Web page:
What food mash up is surprisingly good


The culture becomes liquid

Collage, recycling, sample, remix or mashup are many names for making something new out of existing material. If you follow the copyright law, this is only allowed within a very narrow framework - at least if you want to publish the result.

Mashups, Remixes, Samples License: cc by-nc-nd / 2.0 / de (dieSach laborer.de)

Mashups and remixes are part of the internet, but the idea behind them isn't all that new. Generation after generation have passed on fairy tales, legends or folk songs and changed them at the same time. Law professor Lawrence Lessig sees the remix as a return to an old form of creativity, in which it is a matter of course that people take up existing works and at the same time change them when they are told or edited.

But the technical means are new. Until the 19th century, a story was spread orally and changed again and again by the various narrators. It was not until the 19th century that writers and folklore researchers like the Brothers Grimm began to write down these stories and thereby give them a fixed form. Writing and printing supported this consolidation of culture, so that since then artistic works have only really been of value when they have been written down.

Today, however, anyone can edit music, film, text or even computer games with commercially available devices and publish the results on the Internet. Users become creative and deal with the media world around them. The solid form of music, films or texts liquefies when everyone can write on them and make their own version. [1] From a legal point of view, this is often a single chain of copyright infringements. This is a problem for Lawrence Lessig. “What does it mean for a society when an entire generation is raised as criminals?” He asks in his book Remix [2].

Mashup, Remix, Sampling & Co.

The terms “mashup” or “remix” come from music, but are now also used for other types of work. They are not clearly defined: As a rule, one speaks of a remix when a piece of music is remixed, soundtracks are removed and new ones are added. Sound effects can be superimposed, the speed changed or the piece completely dismembered and reassembled - there are no limits to the creativity of the remixer. The result sometimes bears only a distant resemblance to the original piece.

In mashups, on the other hand, two or more pieces are mixed together so that they remain recognizable, but surprising effects arise in relation to each other - the equivalent of collage in the visual arts. When sampling, musicians build excerpts of different lengths from pieces of music into their own piece - thereby quoting the original piece and paying tribute to the original author.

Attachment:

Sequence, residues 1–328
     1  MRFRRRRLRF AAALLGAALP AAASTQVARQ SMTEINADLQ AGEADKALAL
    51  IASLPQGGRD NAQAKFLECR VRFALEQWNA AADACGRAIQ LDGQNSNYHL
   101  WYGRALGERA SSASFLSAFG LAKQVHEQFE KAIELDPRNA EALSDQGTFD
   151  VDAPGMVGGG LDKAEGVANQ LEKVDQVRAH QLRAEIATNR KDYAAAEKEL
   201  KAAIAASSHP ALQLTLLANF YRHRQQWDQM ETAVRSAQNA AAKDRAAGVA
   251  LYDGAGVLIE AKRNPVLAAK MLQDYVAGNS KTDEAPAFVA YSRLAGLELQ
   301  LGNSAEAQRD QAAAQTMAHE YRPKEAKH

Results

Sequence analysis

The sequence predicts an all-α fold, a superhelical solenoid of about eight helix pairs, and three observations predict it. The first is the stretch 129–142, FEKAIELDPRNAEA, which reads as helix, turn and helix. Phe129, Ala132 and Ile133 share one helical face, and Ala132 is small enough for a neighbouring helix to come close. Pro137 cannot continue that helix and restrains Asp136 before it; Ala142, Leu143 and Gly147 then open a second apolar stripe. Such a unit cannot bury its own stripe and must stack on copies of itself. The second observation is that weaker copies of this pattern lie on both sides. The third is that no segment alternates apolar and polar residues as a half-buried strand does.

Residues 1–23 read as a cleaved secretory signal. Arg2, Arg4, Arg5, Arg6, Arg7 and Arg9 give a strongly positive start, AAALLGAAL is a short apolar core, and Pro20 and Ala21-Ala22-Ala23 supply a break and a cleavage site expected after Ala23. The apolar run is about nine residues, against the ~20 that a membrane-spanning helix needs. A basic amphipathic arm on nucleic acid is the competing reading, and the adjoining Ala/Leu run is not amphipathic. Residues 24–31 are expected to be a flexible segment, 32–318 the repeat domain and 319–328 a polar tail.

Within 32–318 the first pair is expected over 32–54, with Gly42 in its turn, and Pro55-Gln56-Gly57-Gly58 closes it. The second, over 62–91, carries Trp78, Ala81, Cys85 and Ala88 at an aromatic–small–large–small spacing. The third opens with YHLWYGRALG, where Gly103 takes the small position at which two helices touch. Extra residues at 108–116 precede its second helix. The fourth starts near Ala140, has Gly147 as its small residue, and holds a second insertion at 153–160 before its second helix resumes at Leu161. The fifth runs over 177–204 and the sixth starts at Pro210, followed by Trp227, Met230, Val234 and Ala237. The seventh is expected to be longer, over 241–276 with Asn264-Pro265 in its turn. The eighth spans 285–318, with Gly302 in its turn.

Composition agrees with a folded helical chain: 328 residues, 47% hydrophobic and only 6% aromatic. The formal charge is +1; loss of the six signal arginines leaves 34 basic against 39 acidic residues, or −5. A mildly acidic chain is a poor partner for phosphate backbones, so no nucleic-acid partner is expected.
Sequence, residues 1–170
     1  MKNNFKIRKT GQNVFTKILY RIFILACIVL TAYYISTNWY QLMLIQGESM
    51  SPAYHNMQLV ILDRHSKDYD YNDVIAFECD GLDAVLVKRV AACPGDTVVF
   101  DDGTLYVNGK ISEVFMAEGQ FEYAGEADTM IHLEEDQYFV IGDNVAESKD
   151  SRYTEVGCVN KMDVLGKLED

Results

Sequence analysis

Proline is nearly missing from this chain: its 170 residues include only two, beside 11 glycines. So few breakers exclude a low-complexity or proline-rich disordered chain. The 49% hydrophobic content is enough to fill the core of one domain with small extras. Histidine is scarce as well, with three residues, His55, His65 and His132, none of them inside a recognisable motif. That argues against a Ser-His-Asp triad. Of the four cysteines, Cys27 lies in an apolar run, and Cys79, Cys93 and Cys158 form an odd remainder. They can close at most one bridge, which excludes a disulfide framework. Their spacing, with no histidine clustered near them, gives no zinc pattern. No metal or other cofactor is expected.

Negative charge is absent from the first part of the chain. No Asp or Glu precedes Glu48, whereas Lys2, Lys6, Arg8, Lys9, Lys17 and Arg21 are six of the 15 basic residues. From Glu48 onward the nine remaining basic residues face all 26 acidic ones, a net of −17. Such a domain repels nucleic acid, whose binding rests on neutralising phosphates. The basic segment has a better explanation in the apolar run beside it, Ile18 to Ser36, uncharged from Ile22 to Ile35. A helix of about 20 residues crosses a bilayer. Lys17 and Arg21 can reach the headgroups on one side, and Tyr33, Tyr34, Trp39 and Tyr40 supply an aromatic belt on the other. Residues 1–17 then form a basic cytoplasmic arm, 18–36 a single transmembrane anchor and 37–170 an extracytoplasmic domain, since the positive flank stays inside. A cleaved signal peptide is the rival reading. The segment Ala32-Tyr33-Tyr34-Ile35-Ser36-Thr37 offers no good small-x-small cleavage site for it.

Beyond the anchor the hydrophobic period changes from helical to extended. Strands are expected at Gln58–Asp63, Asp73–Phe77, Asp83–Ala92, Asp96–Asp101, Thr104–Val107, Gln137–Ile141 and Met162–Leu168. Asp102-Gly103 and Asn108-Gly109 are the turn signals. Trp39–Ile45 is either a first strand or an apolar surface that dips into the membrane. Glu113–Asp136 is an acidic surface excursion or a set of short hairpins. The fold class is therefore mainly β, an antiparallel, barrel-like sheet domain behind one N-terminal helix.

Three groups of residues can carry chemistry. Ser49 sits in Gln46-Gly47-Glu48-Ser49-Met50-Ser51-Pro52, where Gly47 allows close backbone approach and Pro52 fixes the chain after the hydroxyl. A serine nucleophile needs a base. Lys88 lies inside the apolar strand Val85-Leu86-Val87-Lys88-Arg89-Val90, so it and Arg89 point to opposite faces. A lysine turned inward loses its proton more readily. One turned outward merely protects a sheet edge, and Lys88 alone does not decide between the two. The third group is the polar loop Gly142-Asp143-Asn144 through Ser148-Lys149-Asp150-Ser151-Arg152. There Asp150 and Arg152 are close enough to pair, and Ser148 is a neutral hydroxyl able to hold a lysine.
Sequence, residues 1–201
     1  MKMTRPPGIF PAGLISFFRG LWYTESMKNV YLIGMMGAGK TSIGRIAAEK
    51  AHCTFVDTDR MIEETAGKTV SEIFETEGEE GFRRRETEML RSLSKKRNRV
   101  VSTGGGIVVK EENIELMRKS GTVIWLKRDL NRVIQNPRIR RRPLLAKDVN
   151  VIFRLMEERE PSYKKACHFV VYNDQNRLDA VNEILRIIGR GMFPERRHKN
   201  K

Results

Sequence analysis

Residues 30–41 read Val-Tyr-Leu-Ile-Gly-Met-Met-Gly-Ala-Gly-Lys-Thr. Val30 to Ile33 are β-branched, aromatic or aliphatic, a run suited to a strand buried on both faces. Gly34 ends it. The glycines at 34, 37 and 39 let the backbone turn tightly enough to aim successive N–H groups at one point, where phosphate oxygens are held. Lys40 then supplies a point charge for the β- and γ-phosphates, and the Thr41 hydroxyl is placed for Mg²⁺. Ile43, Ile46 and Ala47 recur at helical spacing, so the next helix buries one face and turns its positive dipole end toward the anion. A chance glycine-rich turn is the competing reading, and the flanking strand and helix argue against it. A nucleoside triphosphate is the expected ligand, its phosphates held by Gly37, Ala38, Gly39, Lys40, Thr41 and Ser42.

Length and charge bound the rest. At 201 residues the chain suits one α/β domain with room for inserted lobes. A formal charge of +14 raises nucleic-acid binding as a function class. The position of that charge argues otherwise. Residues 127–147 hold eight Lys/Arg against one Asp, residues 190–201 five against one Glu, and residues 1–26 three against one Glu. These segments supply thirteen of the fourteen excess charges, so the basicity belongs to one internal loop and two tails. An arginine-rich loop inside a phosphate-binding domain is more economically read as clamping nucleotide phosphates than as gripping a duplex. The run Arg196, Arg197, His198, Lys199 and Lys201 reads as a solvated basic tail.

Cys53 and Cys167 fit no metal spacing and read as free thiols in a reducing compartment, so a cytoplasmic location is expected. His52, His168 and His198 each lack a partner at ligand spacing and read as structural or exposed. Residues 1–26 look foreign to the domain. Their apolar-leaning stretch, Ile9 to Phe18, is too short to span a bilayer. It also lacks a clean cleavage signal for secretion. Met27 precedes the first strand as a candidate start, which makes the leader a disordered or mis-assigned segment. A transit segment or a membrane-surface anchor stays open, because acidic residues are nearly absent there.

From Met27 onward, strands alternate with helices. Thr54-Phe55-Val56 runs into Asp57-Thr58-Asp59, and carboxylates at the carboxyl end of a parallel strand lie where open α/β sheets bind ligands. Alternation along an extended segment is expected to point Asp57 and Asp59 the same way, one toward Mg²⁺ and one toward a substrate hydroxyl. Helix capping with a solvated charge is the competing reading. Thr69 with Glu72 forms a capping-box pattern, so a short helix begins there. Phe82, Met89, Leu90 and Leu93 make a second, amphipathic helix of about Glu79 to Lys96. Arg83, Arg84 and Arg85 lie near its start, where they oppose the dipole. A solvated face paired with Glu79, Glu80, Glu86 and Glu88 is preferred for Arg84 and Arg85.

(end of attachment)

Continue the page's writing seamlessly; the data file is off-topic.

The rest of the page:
Corresponding processes also exist in other genres: filmmakers cite material from other films or even assemble their film exclusively from foreign film excerpts - so-called found footage films. Collages have been known in the visual arts since the beginning of the 20th century and authors also incorporate foreign texts into their works. Alfred Döblin, for example, took over advertising and news from the newspaper in “Berlin Alexanderplatz”. William S. Burroughs experimented with cut-ups by cutting his own texts and those of others with scissors into individual pieces and putting them back together. He thereby influenced many writers after him.

With digital technology, these artistic processes are easier to accomplish, because digitally you can easily bring works of different epochs, genres or formats together. There are two reasons for this: firstly, thanks to digitization and the Internet, many more works are available; secondly, it is much easier to edit digital material with practically no loss of quality than in the analog world.

Digitization is also blurring the boundaries between professional artists and amateurs. Anyone can sample pieces of music on their laptop and combine them into something new or cut a new music video from film snippets. You don't even need an artistic claim for this: It can only be a birthday video in which the film characters appear to congratulate the birthday child. This user creativity is even promoted by some artists and their publishers, because it creates a strong bond between fans and the product - which in turn is reflected in sales.

Yes, but do not publish

In terms of copyright law, such cases are problematic in large parts of Europe and in similar legal systems. According to the German copyright law, remixes and mashups that contain copyrighted material are not allowed to be published without the permission of the copyright holder. Even if you only put a top 10 hit on a cat video and upload it to YouTube, you are committing a copyright infringement.

This can result in injunctive relief and claims for damages, the user can even make himself liable to prosecution. The risk of being warned is low because the video will probably simply be blocked. Nevertheless, the question arises whether the legal situation still makes sense if there are everyday actions on the Internet that do not harm anyone, but remain prohibited. There has been a lot of controversy about this in recent years.

Exception right to quote

There are only very limited exceptions in Germany under which one may use third-party copyrighted works without permission. One of them is the quote. The quote allows you to use other works if you deal with them in terms of content. In addition, you have to cite the source and only cite to the extent necessary for your own work.